A Letter to My Retina Specialist

There are things I would like to tell my retina specialist face-to-face. He’s too busy to hear most of these things, so I’ve written him this letter.

I know you gave up a lot

Dear Doctor,

Thank you for looking after my eyes and my dry macular degeneration.

I know you gave up a lot to become a doctor. You probably became an ophthalmologist first, then went on to become a retina specialist.

I appreciate all the training you’ve done. I know you have possibly completed more than 1 university degree and further postgraduate studies. I understand that you have worked at various eye hospitals, sometimes with very long, late shifts, and for not much pay in the beginning. You’ve possibly dragged your family around the world to get international experience. And keeping up with the latest research is time-consuming.

Some things you should know about me

Your time is valuable – I recognize that. I know you want to see as many patients as possible in a day, and I think you really want to help people.

By providing your email address, you are agreeing to our Privacy Policy and Terms of Use.

But there are some things I’d like you to know about me, too.

Because I know you are busy, I try to arrive early and never keep you waiting. I’d rather be an hour early than 5 minutes late (I think this is a genetic trait I inherited from my mother, but it has stood me in good stead over the years!).

I would like you to realise that I am nervous. I know today I will eventually leave your office with good news or bad news. All the time I am waiting, I am wondering how I will feel as I leave. By the time I get to see you, I’m often scared. I may have been scared and worried for weeks.

Travel to a doctor's office can be difficult

Please realise that it takes me nearly all day to get here and to get home again on public transport. If I seem a bit stressed, it’s not only because I’m seeing you today. It’s because I had to walk, catch a train, change trains, catch a tram, and then walk again to get to you. And, obviously, I’ll have to do the same in reverse to get home.

I’m not complaining. It’s even more difficult for other people. Some people have come from out of town, and they may need to stay overnight somewhere. I see people in your waiting room in wheelchairs or on walking frames, and I realise I’m not too badly off. But please understand if I look a little flustered after my journey.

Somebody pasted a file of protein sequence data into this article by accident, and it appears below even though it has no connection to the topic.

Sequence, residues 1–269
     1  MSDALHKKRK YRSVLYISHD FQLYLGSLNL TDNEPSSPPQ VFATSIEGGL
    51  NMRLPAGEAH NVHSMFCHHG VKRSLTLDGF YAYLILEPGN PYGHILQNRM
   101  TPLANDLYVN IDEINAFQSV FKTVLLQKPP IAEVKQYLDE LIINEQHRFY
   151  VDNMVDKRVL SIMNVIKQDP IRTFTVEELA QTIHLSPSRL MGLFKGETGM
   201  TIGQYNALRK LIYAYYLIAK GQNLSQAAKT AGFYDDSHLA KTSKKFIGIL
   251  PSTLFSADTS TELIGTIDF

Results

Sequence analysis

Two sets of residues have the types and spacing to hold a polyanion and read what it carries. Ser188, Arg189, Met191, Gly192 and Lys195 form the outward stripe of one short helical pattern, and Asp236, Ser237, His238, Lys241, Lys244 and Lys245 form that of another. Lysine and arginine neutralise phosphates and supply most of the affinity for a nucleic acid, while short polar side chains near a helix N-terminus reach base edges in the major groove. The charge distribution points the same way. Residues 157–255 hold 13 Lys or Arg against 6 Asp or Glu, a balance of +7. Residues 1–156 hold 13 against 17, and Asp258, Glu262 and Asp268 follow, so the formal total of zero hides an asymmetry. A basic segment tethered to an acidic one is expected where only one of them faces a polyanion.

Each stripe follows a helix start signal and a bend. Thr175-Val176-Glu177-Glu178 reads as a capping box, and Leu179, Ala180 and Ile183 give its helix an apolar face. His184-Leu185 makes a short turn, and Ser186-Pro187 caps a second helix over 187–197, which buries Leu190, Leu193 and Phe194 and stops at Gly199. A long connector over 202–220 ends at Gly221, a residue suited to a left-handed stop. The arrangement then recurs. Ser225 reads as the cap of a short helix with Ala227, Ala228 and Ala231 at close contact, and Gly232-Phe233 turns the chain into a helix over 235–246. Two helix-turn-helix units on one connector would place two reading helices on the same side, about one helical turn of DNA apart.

Please don't short-change me on time

I changed doctors to come to you, so I have high hopes.

And this is what I hope for from you:

Please don’t overbook, and please give me the time I need when it’s my turn. Don’t roll your eyes when you spy my list of questions. I’ve thought about these questions carefully and researched what I could. I know I’m not here for a chat – I really want to know the answers to these questions. Sometimes you will have emergencies to attend to, but please don’t short-change me on time.

I would like you to listen and respect my opinion when I tell you I have seen changes in my vision, even if you can’t see them on the OCT. I want you to know about my squiggles and blank spots.

You may know there is nothing more you can do for me at that particular visit, but I would still like a few moments of your time. I don’t just want to see your assistant doctor.

Inform me of new research and treatments

I would like you to mention to me if you are aware of any new and upcoming treatments. Even though you may not be using them yet, it gives me a chance to research and think about what might be available in the future.

I would like you to be aware of some complementary supplements and possible treatments such as saffron, curcumin, or red light therapy, which may be of benefit. I would appreciate a comment from you, and for you not to dismiss them out of hand.

I hope we can form a partnership that works on respect and understanding that goes both ways.

Your patient,


Treatment results and side effects can vary from person to person. This treatment information is not meant to replace professional medical advice. Talk to your doctor about what to expect before starting and while taking any treatment.
This article represents the opinions, thoughts, and experiences of the author; none of this content has been paid for by any advertiser. The MacularDegeneration.net team does not recommend or endorse any products or treatments discussed herein. Learn more about how we maintain editorial integrity here.

Join the conversation

Please read our rules before commenting.